The confusion begins right in the name of the entire art form itself: video production. This seems to imply that the visual element should be the first and primary concern, but that’s not always the case. Sound production, in fact, could be the determining factor in someone watching your video until the end, or quickly abandoning it.People can fill in little visual mistakes or gaps; they’re used to it, and they’ll forgive you as long as they can make sense of the bigger picture. Shabby sound, though, is harder for audiences to tolerate. They’ll bail on you before your video’s compete if they can’t hear, and therefore, can’t follow the story.
There are a few ways that you can help yourself and your sound. For any video production to be effective, it needs to be coherent, to speak the same language as the audience, and they have to be able to hear it, vividly.
As recording technology gets better, there’s more potential for error.
Sound recording equipment, like any technology in the video production industry, is better than ever at the moment. While the possibility of getting truly high-quality sound presents obvious advantages, this kind of progression also means that the end result has the potential to be that much worse. Let me elaborate.
The sound recording devices available today are capable of picking up even the finest audible details. That’s great, in terms of range and having a lot to play with in sound design. However, the problem that many sound recorders encounter with the new devices is that they do, in fact, pick up everything, including unwanted sounds.
There are some precautions and actions that can be taken through all phases of production to prevent or fix these kinds of issues. You just need to know the basics.
Choose the right tool for the job.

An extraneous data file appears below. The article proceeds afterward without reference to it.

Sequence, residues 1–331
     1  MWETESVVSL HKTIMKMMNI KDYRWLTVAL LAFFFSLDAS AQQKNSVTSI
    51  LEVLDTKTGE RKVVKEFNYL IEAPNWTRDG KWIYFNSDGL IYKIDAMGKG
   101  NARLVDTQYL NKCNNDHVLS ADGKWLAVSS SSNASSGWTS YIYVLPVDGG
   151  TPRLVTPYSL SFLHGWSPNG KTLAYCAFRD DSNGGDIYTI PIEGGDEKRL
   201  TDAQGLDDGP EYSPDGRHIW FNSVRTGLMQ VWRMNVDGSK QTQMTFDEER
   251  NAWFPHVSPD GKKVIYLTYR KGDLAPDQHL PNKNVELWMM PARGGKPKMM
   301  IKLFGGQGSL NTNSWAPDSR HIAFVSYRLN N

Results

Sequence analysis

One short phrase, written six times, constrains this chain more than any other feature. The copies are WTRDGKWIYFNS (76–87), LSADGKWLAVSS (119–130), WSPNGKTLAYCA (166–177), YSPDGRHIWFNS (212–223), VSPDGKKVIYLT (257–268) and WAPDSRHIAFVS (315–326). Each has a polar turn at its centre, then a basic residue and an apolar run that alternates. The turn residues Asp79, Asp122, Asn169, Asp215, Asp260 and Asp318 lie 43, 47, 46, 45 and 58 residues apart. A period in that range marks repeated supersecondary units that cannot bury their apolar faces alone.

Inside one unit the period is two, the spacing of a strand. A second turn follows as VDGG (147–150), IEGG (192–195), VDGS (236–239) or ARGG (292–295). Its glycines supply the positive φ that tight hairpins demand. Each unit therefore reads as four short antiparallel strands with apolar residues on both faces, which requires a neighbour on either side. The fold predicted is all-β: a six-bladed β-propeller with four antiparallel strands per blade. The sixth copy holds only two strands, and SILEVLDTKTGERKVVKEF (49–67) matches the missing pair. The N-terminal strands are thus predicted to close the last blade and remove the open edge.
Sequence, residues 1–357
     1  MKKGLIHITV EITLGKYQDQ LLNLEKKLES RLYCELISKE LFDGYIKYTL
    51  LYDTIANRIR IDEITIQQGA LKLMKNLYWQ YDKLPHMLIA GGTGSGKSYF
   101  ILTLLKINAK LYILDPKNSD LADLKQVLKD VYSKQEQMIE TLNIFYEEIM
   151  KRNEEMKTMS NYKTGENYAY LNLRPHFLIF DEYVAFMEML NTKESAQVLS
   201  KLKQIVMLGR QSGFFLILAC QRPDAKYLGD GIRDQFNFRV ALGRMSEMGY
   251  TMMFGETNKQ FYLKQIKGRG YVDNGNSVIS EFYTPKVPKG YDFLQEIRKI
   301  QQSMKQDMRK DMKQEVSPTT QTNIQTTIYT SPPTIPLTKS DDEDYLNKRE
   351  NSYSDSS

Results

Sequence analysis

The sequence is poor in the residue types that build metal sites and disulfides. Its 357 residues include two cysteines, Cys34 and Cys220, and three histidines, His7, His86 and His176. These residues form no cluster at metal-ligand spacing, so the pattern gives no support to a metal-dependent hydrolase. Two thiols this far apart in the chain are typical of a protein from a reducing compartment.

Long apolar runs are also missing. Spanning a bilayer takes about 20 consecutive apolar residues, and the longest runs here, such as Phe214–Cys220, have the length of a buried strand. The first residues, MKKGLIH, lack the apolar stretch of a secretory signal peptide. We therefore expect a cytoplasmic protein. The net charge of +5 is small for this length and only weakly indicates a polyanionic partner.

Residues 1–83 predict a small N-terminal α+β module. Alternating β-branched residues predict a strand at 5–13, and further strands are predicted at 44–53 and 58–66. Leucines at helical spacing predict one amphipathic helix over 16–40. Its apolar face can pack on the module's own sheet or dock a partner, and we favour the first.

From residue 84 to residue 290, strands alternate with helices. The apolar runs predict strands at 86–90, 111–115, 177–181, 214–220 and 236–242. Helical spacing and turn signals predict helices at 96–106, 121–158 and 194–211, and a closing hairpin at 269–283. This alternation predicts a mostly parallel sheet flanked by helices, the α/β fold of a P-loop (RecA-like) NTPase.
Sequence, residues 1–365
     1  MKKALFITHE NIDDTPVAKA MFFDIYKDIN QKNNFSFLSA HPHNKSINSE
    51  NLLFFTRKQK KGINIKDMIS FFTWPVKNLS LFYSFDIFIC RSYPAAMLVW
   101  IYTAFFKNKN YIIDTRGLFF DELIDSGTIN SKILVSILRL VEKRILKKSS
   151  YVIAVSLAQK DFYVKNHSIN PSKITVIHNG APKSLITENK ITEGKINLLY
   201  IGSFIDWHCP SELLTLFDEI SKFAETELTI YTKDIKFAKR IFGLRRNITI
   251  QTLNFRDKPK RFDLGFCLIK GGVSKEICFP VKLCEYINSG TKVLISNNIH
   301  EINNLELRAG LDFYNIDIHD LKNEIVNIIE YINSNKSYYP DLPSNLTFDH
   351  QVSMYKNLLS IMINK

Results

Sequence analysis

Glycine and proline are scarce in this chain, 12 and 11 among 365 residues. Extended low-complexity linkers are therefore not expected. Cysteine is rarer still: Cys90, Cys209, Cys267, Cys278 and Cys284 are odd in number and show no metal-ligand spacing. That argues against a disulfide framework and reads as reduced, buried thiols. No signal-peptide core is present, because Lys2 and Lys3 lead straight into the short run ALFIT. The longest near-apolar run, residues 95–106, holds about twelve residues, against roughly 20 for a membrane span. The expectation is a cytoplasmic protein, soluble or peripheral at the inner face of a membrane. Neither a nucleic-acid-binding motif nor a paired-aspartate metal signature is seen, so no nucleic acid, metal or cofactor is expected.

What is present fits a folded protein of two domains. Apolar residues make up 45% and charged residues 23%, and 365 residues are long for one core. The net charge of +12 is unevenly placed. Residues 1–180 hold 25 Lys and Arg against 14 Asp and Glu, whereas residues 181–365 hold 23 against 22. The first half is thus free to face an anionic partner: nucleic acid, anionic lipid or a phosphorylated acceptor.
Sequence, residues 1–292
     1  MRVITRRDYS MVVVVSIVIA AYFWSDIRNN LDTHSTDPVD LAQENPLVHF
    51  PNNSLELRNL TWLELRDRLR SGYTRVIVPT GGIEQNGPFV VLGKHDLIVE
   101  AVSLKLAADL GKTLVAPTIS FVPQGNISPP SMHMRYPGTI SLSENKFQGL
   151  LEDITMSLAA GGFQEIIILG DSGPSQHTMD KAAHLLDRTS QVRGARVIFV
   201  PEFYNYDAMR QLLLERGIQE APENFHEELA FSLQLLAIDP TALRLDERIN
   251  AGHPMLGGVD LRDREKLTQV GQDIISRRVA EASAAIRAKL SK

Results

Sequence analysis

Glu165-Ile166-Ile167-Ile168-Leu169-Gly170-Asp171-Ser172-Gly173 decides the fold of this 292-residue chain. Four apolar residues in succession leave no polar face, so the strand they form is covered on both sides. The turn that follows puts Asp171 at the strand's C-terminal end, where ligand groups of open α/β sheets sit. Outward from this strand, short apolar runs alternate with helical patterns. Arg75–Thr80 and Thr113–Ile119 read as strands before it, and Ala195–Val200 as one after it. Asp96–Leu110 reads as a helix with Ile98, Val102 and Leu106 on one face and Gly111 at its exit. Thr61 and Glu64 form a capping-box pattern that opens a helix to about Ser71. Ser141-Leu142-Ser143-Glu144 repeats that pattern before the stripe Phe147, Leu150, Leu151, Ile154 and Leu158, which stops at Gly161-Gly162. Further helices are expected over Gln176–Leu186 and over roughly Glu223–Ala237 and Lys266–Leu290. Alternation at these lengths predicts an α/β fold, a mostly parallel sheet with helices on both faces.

Again, with all the new and improved technology available, you need to make sure you choose the right microphone for the job. Different microphones have different strengths and pickup patterns. You’d want a shotgun mic for different reasons than you’d want a wireless lav or handheld mic.
For example, if you’re doing an interview setup in a controlled, sit-down environment, a handheld mic would be a good choice. However, if the speaker will be more mobile and the video production less controlled, you may want to hook a lavalier up to the subject to ensure consistent quality.
Additionally, choosing the right equipment to handle the sound environment also means ensuring you have the necessary tools to protect against any wind and weather that may be inherent to the location, which leads me to the next point.
Scout the location in pre-production.
Whether you’re handling sound on your own video production or you hire out, someone needs to visit the location prior to the shoot to get an idea of the acoustic environment. It’s not just about swinging by and cupping your hand over your ear like a funnel to get a rough idea of the overall noise either.
Just like you would bring the camera to test lighting conditions and such, you should bring the sound recorder that will be used to the location as well. Things sound different to the ear than they do on ear phones.